I’m reasonably sure there are many more puzzles possible than solutions, as it would seem you could choose a very large set of starting positions that would result in the same solution. While I haven’t read anything authoritative on this, it seems self-evident.

I wonder how many there are if you rule out which numbers are in which position. In other words, say you start a puzzle with a 3 in the upper right corner. Now say you have the same puzzle except that there is a 7 in the upper right corner. The whole thing, when solved, is identical except that the sevens and threes have switched places. I’d consider that an identical puzzle.

What I think that the quote from Exapno says is that the 5,472,730,538 number is what you get when you eliminate rotation (shifting the grid 90, 180 and 270 degrees, so the number in the upper left moves to the lower left, etc.), reflection (when the puzzle is flipped left to right or top to bottom), and relabeling (what you ask about, where all 3s are replaced with 7s and all variations of that).

There’s also permutation symmetry on the rows and columns: I could shuffle the first three columns, for instance, or swap the first three rows with the middle three rows, and still have a valid solution. It’s not clear whether the 5.4 billion figure corrects for those or not. But then, there might be some cases where a row permutation is equivalent to a digit relabelling, which makes the counting difficult.

The definition of what is a “new” puzzle changes how many puzzles there are. The 6,670,903,752,021,072,936,960 figure includes all possible variations, including puzzles with the 3s and 7s swapped as two different puzzles.

If you look at certain similar puzzles as logically the “same”, then the number gets lower. For instance, if you just reverse the puzzle left to right, it is logically the same puzzle, just displayed two different way. Similarly, if you replace each 3 with a 7 and vice versa, it is the has same logical solution, with just a different way of displaying it. By eliminating from the count each puzzle that is logically the same as a prior puzzle, you get the much lower figure of 5,472,730,538.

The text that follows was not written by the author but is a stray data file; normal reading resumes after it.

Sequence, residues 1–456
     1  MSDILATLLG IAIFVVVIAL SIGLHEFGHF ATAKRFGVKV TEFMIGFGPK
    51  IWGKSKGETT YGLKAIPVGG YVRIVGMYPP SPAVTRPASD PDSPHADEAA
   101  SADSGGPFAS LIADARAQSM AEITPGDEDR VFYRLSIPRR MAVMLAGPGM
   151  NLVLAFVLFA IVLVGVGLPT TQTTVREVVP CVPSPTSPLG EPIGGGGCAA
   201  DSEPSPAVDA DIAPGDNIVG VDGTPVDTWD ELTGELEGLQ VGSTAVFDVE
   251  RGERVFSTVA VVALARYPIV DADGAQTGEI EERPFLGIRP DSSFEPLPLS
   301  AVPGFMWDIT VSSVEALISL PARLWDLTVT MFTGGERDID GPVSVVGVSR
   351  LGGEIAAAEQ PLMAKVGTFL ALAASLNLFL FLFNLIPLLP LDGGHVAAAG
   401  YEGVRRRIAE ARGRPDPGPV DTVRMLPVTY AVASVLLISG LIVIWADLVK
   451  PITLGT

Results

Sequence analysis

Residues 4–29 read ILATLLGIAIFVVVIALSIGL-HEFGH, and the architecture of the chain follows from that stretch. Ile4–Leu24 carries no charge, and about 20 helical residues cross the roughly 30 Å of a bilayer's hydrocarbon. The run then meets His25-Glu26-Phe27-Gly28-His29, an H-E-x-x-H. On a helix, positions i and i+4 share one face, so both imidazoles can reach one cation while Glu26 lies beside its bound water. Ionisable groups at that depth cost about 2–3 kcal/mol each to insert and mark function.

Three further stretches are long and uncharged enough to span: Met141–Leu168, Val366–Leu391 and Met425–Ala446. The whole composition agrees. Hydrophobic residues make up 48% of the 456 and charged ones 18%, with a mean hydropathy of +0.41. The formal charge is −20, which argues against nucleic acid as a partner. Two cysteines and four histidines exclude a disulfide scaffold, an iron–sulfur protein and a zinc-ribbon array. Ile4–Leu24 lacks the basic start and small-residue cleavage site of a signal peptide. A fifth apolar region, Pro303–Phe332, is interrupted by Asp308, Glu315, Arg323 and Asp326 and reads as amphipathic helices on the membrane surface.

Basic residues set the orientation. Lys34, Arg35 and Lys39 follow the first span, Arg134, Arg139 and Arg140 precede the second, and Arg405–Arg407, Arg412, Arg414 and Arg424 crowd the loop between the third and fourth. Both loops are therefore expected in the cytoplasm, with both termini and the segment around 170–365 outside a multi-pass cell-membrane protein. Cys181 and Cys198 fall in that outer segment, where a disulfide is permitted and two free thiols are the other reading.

If you’d like to make up a different definition of what is a “new” puzzle, feel free to count under that definition.

And of course, filled grids aren’t necessarily a single “puzzle.” You can create two entirely different logical exercises (which is the “puzzle” part of the puzzle) by changing what the starting grid looks like.

So, given a single example of a complete grid is it possible to calculate the total number of different but solvable without guessing starting grids there are?

For example, given a starting grid there are 81 possible starting grids where 80 of the values are provided and all can be solved logically. There are X possible starting grids where 79 of the values are provided Y of them can be solved logically. And so on.

So if you can calculate the number of feasible starting grids for a single final grid and multiply it by the number of possible final grids then wouldn’t that be the more useful total for the number of “puzzles” possible?

All of which is negated by the fact that if you gave my wife (who does them a lot, I find them boring) a loop of 200 puzzles I doubt she’d ever recognize it.

Here’s a link that explains how the numbers were calculated in a bit more detail. If you’re a little rusty on your group theory, it may not be a quick read.

Heh, I can almost resolve the same puzzle right after I finish solving it and it’d look new to me. This is particularly so for the really hard ones. That’s one of the “charms” about a Sudoku puzzle. Same puzzle, same solution, but the way you manually get to the solution will likely vary every time!

Define “without guessing”. There was a big discussion about that very question just last week, and the definition of “guessing” seemed to vary from person to person, depending on how much depth a person can keep track of. Unless you just mean “puzzles with a unique solution”?